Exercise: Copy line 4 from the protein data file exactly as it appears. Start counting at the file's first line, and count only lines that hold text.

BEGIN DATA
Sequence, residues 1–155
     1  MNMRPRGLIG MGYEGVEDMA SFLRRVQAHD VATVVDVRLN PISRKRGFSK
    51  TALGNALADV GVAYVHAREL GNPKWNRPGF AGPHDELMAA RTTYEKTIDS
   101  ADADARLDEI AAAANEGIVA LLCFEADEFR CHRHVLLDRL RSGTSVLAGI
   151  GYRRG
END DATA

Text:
   101  ADADARLDEI AAAANEGIVA LLCFEADEFR CHRHVLLDRL RSGTSVLAGI